# Motivation for Filtered Categories/Limits?

The header says it all. I "understand" the definition of a filtered category, in that I get what it's saying:

A category $$J$$ is filtered if

1. $$J$$ is nonempty
2. For a pair of objects $$j, j' \in J$$, there exists a third $$k$$ equipped with morphisms $$u: j \to k$$ and $$v: j' \to k$$.
3. For a pair of parallel morphisms $$u, v: i \to j$$, there exists an object $$k$$ equipped with a morphism $$w: j \to k$$ such that $$w \circ u = w \circ v$$.

However, I do not truly understand because I don't see why anyone would ever come up with the specific definition. For example; why not make $$w$$ "unique" in (3)? Or perhaps remove the assumption of commutativity in (3)?

I've primarily studied from Mac Lane's text, but he doesn't give any motivation and there is also a lack of exercises when he discusses filtered categories. So I've been looking around a different texts, but they seem to all say the same thing: in introducing filtered categories, they say something dry along the lines of "filtered categories are generalizations of directed sets" which is then followed by the definition of a filtered category.

In reading more, it seems that these texts are trying to say that they generalize projective and inductive limits. However, I'm not seeing why we would need to do that. Is there something wrong with these constructions? A limiting assumption? If I'm looking at the limit of a functor $$F: J \to \mathcal{C}$$ where $$J$$ is a directed preorder, what benefit does regarding $$J$$ as filtered offer?

If this is just one of those things where I can only understand if I just shut up and keep reading, then let me know. I just personally prefer some motivation. Any help is appreciated! Note: this question is similar but not exactly what I'm after.

• Filtered colimits are important largely because they commute with finite limits. This is important in topos theory, for example, to show why certain functors defined in terms of colimits preserve finite limits, which is a step to proving Diaconescu's theorem. – Malice Vidrine May 28 '20 at 20:29
• The point is that direct and inverse limits (what you're calling projective and inductive(? injective?) limits not necessarily in any order) are constrained by the assumption that the diagram shape is a directed preorder. Filtered categories generalize the directed assumption from preorders to all categories in such a way that as Malice Vidrine is saying above, the nice properties of direct limits generalize to all filtered colimits. (Similarly for inverse limits and cofiltered limits). – jgon May 28 '20 at 23:55

I'm going to add a bit to my comment on the question, though this should be a self contained answer.

Motivation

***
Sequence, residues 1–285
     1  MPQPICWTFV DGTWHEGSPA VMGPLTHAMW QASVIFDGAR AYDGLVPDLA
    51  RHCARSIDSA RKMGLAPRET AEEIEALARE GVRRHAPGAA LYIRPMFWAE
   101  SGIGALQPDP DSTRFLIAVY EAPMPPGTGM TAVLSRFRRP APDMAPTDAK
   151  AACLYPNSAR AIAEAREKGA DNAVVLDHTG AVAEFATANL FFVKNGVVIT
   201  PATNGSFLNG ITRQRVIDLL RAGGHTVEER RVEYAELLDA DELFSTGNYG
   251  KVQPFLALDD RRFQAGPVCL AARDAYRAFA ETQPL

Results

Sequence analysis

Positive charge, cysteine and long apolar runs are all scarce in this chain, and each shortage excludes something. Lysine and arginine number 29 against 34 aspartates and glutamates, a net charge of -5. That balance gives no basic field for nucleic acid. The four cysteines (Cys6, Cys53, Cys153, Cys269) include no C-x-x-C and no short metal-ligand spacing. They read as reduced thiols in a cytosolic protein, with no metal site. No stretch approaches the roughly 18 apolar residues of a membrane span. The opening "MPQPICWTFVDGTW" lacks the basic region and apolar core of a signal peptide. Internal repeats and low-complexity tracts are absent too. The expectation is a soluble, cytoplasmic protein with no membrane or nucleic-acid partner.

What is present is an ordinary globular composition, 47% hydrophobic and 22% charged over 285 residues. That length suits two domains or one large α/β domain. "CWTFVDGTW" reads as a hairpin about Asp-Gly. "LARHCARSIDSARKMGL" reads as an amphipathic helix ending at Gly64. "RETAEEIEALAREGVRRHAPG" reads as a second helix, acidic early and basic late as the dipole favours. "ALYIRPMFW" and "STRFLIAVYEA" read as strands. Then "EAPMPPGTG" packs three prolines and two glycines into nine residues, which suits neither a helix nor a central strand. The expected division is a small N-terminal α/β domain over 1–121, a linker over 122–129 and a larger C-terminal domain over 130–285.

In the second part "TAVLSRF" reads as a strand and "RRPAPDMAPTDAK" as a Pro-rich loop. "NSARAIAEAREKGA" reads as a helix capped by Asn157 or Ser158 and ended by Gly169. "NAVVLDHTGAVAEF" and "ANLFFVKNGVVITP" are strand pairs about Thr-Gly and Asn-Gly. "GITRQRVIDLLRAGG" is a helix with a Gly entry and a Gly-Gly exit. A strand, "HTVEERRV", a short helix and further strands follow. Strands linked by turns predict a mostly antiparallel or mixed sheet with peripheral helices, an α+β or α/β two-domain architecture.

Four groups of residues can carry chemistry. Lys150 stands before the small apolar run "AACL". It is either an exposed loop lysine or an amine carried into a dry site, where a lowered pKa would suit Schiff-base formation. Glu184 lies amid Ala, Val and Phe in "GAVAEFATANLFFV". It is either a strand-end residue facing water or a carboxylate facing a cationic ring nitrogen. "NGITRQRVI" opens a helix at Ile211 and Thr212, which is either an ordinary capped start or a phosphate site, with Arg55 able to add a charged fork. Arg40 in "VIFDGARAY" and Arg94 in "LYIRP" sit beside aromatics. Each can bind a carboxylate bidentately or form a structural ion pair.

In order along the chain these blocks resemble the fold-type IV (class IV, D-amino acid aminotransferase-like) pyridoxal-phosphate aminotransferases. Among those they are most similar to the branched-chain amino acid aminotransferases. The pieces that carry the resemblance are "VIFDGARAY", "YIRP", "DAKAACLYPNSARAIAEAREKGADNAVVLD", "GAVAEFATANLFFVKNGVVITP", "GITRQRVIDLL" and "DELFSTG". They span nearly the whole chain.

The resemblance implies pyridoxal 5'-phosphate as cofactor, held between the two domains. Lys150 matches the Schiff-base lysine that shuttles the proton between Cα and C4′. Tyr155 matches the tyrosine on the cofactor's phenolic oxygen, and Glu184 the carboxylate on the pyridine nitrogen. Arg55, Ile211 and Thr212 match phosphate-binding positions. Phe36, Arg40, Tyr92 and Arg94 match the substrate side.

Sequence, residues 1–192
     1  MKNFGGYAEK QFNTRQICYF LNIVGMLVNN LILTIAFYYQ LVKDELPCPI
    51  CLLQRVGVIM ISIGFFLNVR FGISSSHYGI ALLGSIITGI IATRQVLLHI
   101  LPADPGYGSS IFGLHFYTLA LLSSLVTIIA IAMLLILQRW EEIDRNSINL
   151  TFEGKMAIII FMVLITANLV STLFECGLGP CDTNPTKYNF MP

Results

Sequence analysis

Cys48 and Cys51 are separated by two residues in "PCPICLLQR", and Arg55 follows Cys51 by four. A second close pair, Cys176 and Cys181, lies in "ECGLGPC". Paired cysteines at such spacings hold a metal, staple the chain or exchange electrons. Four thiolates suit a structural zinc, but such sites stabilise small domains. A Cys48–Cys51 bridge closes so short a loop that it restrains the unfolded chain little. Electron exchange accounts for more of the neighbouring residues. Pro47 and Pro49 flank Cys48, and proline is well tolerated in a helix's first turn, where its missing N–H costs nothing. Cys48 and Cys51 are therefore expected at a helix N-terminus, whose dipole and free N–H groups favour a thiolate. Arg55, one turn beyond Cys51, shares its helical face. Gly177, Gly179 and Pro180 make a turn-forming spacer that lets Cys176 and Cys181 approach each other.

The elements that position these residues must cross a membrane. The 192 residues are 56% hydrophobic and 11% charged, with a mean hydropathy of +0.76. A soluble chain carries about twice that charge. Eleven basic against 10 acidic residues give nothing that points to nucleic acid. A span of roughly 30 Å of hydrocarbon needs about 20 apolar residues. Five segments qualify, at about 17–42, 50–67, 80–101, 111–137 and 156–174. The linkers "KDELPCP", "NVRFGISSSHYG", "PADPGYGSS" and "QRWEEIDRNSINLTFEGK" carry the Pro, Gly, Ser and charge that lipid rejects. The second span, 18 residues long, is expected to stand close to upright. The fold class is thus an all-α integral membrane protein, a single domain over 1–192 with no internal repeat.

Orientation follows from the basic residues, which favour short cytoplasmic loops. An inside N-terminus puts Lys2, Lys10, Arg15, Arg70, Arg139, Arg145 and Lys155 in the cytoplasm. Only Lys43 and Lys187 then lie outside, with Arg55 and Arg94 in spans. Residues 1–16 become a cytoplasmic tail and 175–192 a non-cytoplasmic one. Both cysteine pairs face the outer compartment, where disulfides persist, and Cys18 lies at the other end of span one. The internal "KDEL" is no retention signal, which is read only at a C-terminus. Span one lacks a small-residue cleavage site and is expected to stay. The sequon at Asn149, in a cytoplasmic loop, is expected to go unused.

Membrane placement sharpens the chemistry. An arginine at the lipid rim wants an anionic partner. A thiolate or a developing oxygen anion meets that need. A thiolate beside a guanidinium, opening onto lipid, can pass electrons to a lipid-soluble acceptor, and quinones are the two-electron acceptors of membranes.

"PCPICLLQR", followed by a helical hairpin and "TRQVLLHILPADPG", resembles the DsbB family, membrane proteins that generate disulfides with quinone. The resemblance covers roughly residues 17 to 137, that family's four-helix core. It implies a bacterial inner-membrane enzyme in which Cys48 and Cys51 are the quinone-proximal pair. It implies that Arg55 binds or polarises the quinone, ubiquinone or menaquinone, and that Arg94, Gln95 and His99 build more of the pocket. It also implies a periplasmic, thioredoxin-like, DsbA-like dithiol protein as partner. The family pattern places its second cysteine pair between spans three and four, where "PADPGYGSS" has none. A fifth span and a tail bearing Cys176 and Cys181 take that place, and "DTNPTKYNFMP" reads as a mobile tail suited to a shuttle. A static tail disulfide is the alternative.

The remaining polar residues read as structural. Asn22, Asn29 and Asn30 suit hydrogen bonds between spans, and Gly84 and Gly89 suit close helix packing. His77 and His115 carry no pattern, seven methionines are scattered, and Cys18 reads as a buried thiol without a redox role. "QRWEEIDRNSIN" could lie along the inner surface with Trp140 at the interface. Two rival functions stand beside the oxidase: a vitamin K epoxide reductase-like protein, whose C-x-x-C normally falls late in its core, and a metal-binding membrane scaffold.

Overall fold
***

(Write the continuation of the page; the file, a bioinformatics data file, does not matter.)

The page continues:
The idea is that direct limits (colimits over a directed preorder) are good and have nice properties that general colimits do not have, like commuting with finite limits. They are also much more computable and understandable compared to general colimits.

However, this restricts our source of diagrams to be directed preorders. But there are circumstances, when we wish to use more general domain categories, and we think that they should have similar properties.

For example, coverings of topological spaces form a directed preorder under refinement, if we just declare a covering $$\mathcal{U}$$ to refine $$\mathcal{V}$$ if for all $$U\in\newcommand\U{\mathcal{U}}\U$$ there is some $$V\in\newcommand\V{\mathcal{V}}\V$$ with $$U\subseteq V$$.

However, this is maybe not the best way to think about the category of open covers, depending on the situation. Instead, we might want to keep track of a particular choice of $$V$$ and inclusion map $$U\subseteq V$$ for each $$U$$. Now we have a category of coverings under refinement, which might fail to be a preorder. For example, if $$\V=\{A,B\}$$, and some $$U\in\U$$ is a subset of $$A\cap B$$, then there are at least two refinement morphisms from $$\U\to \V$$ (assuming there are any at all). However, we expect colimits over the refinement category to have the same nice property as colimits over our refinement preorder that we started with.

Thus we need to generalize the notion of directedness from preorders to all categories in such a way that it specializes to directedness for preorders, and ideally preserves the nice properties that we want.

Filtered Categories and Directed Preorders

This gives rise to the notion of filtered categories.

Recall that a directed preorder is a (nonempty) preordered set with the property that for any $$x$$ and $$y$$, there exists $$z$$ with $$z\ge x$$ and $$z\ge y$$.

These assumptions translate into requirements 1 and 2 of directed categories.